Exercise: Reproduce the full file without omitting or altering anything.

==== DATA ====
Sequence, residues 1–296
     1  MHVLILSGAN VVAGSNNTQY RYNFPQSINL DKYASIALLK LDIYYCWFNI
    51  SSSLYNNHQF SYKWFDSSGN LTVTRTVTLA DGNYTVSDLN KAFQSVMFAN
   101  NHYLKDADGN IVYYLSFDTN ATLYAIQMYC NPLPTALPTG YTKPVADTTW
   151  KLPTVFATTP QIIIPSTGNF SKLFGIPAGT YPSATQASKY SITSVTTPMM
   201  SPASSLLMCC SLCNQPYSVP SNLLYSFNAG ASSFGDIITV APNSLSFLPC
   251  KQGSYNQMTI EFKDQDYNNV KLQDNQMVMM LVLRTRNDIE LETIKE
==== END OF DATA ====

Sequence, residues 1–296
     1  MHVLILSGAN VVAGSNNTQY RYNFPQSINL DKYASIALLK LDIYYCWFNI
    51  SSSLYNNHQF SYKWFDSSGN LTVTRTVTLA DGNYTVSDLN KAFQSVMFAN
   101  NHYLKDADGN IVYYLSFDTN ATLYAIQMYC NPLPTALPTG YTKPVADTTW
   151  KLPTVFATTP QIIIPSTGNF SKLFGIPAGT YPSATQASKY SITSVTTPMM
   201  SPASSLLMCC SLCNQPYSVP SNLLYSFNAG ASSFGDIITV APNSLSFLPC
   251  KQGSYNQMTI EFKDQDYNNV KLQDNQMVMM LVLRTRNDIE LETIKE